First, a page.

Get Started With Lua Events Lesson 6: Splitting Code into Multiple Files

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This Lesson is under construction.
This Lesson is under construction.
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In this lesson we'll look at how to split the Lua code for a scenario into multiple files.  There are several reasons why this is desirable.  The first is sheer organizational convenience.  If you have several game mechanics and the tables of information required to support them, the events.lua file gets large and confusing in a hurry.  Trying to find a particular event in order to make a change requires finding the code in the first place, and that usually requires knowing exactly what you called some function that you may have completed months ago.  When I work on Over the Reich, I often search for the civ.scen function that controls the event in order to get the name of the exact function that I want to change, and then do another search for that function.  For that matter, if you want to add more functionality, it is not always clear where the code should go.  Having functionality in multiple files significantly reduces these problems.  It also means you don't have to worry about conflicting function and variable names in different parts of the code.
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Another reason to have multiple files is to facilitate collaboration.  If two or three people are collaborating on a scenario, only one of them can be working with a file at a given time.  If there is only a single events.lua file, then the designers will find it difficult to work in parallel.  On the other hand, if there are separate files, then each can work on his or her own part of the project when convenient without worrying that they are preventing someone else from working if they are delayed.
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A third reason to split events into multiple files is to facilitate the re-use of code.  Re-using code is desirable to cut down on duplicated effort, both in programming and testing.  By having reusable code in a separate file, the user doesn't have to look at the details of how the code works or worry about conflicting names if it is cut and pasted into an events file.  Also, if a bug is discovered, fixing the bug in all scenarios that use the code just requires replacing a file, rather than digging into the events.lua file for each scenario and finding every use.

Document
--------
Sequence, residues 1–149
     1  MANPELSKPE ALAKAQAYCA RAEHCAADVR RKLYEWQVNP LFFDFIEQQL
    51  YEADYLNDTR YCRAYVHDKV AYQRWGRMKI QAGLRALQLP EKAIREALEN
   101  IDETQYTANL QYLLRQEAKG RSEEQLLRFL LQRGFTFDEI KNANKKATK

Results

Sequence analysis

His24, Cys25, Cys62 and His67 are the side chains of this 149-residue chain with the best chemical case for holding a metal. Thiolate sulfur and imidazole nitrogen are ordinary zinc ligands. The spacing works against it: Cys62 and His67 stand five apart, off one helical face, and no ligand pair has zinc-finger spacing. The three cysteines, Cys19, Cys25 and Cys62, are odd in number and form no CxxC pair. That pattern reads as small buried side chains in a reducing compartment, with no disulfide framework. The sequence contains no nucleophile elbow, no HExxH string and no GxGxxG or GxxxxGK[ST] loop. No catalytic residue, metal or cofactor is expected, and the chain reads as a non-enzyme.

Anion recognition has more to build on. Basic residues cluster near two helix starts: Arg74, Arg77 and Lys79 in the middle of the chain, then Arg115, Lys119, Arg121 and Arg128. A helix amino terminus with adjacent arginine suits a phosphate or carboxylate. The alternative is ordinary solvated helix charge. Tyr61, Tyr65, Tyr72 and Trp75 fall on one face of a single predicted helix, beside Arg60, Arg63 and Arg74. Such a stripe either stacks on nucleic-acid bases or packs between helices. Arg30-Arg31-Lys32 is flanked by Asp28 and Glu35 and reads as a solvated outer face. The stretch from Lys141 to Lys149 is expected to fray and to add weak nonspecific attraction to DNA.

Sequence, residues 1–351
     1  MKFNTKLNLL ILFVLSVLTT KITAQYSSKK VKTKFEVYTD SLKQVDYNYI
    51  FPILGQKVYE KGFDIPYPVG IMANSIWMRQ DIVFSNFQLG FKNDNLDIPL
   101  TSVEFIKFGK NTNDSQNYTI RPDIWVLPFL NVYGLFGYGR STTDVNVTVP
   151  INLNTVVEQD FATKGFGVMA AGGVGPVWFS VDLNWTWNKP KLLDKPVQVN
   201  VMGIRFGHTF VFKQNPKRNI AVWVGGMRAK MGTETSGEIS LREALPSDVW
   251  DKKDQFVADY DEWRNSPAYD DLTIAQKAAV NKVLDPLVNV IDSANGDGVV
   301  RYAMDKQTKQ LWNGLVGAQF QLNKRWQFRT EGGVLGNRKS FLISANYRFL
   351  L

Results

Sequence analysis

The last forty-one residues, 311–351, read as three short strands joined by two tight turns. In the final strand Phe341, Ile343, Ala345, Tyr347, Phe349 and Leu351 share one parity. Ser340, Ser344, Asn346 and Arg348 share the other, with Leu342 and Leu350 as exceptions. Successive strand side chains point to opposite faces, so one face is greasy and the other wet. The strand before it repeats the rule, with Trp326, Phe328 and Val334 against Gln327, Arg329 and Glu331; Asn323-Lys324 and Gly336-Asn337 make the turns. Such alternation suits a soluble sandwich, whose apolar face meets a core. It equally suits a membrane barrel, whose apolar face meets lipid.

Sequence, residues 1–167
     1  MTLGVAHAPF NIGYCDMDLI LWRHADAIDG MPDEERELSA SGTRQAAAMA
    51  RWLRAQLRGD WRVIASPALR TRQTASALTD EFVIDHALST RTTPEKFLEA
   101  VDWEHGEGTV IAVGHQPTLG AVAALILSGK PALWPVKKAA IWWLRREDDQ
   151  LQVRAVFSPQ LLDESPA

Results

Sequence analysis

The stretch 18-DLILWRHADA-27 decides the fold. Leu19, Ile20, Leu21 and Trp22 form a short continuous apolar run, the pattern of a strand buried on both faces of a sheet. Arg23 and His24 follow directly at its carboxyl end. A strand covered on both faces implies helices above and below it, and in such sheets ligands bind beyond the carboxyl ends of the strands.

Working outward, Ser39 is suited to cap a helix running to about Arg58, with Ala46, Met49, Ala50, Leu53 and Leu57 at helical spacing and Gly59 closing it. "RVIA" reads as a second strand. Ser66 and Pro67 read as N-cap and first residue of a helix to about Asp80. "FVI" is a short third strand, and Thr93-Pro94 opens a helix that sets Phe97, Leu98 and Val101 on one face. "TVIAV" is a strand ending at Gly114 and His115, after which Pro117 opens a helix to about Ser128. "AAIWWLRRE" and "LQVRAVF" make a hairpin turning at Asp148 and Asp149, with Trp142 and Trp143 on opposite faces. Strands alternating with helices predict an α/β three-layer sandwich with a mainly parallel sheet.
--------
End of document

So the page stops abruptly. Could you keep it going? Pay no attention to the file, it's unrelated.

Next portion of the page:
Latest revision as of 23:02, 9 June 2019

Back to Get Started With Lua Events

This Lesson is under construction.


In this lesson we'll look at how to split the Lua code for a scenario into multiple files. There are several reasons why this is desirable. The first is sheer organizational convenience. If you have several game mechanics and the tables of information required to support them, the events.lua file gets large and confusing in a hurry. Trying to find a particular event in order to make a change requires finding the code in the first place, and that usually requires knowing exactly what you called some function that you may have completed months ago. When I work on Over the Reich, I often search for the civ.scen function that controls the event in order to get the name of the exact function that I want to change, and then do another search for that function. For that matter, if you want to add more functionality, it is not always clear where the code should go. Having functionality in multiple files significantly reduces these problems. It also means you don't have to worry about conflicting function and variable names in different parts of the code.

Another reason to have multiple files is to facilitate collaboration. If two or three people are collaborating on a scenario, only one of them can be working with a file at a given time. If there is only a single events.lua file, then the designers will find it difficult to work in parallel. On the other hand, if there are separate files, then each can work on his or her own part of the project when convenient without worrying that they are preventing someone else from working if they are delayed.

A third reason to split events into multiple files is to facilitate the re-use of code. Re-using code is desirable to cut down on duplicated effort, both in programming and testing. By having reusable code in a separate file, the user doesn't have to look at the details of how the code works or worry about conflicting names if it is cut and pasted into an events file. Also, if a bug is discovered, fixing the bug in all scenarios that use the code just requires replacing a file, rather than digging into the events.lua file for each scenario and finding every use.

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